Local winger Adam Sharp of the blog Sharp Elbows, apparently realizing that trying to post analysis of the health care bill doesn't work very well when you don't have a clue what's in the legislation, has gone back to his tired old schtick of capturing himself being obnoxious to "libruls" on video. In the latest episode, Sharp lies to one of Congressman Russ Carnahan's staffers by claiming that Carnahan "promised to have another town hall meeting before the health care vote" as an excuse to act rude.
Sharp tells Carnahan's staffer, "he [Carnahan] did promise that he would have another town hall before the vote" (0:35 in the video) and repeats the lie throughout the video. That statement by Sharp was based on a purported comment by Carnahan where he said that he should host a town hall "on manners" in response to tea partiers like Sharp who yelled, interrupted, and insulted Democratic Congresspeople throughout last August. As is obvious to anyone with familiarity with the English language, statements made sarcastically or jokingly are not "promises" and no rational human would have taken Carnahan's statement as a "promise to hold a town hall." Nevertheless, Sharp straight up lies to the staffer in an attempt to bully her in front of the camera. What's even more hilarious is in a classic Sharp move (he's by far the biggest crybaby of all of the local tea partiers), he somehow manages to feel persecuted when the staffer says she doesn't remember Carnahan promising that. Here's Adam Sharp's reaction:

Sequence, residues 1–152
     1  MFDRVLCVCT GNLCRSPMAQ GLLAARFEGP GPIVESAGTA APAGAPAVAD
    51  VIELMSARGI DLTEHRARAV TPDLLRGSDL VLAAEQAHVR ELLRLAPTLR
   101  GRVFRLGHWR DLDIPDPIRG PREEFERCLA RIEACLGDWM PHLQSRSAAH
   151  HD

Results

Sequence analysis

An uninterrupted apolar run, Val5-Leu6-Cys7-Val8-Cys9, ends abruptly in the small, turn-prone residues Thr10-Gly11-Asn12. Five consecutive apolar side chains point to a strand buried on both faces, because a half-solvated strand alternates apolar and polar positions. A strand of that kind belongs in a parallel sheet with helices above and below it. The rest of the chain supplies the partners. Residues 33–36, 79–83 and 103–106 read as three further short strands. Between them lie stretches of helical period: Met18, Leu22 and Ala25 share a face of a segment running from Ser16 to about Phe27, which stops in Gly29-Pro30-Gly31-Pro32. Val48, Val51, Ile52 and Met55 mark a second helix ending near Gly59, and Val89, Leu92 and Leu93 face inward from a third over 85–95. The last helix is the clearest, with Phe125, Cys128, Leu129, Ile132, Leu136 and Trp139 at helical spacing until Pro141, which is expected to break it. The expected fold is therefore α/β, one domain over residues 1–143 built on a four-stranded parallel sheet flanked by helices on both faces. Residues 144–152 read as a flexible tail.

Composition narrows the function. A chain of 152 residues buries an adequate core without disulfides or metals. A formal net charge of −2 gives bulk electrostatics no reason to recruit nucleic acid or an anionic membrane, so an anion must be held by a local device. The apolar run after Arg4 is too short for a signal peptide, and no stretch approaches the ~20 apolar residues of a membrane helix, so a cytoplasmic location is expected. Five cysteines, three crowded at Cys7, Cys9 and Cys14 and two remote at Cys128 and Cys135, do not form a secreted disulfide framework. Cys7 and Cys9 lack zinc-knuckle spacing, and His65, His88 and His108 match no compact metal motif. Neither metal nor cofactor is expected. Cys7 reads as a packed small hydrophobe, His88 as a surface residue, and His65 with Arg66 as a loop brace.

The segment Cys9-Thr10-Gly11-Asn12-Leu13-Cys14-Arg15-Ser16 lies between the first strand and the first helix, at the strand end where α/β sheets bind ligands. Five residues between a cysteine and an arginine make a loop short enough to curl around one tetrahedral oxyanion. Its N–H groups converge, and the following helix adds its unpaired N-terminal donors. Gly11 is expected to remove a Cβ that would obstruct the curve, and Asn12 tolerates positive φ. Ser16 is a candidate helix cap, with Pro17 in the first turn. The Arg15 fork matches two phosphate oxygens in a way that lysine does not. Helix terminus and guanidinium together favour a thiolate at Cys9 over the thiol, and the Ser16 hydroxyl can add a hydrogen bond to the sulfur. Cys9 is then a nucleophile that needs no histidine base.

Adam Sharp acting rudely is no surprise to anyone. But what is amazing is that a candidate for a congressional office would actually endorse Sharp's behavior of lying to congressional staffers as an excuse to act obnoxiously. Nevertheless, that's exactly what ethically challenged Tea Party/Republican candidate Ed Martin did. Check out his reaction:
On the other hand, considering that Martin was happy to cynically abuse St. Louis residents' love of Anheuser-Busch and willing to waste millions of dollars of taxpayer money to persecute a former employee for following the law, maybe it's not that surprising.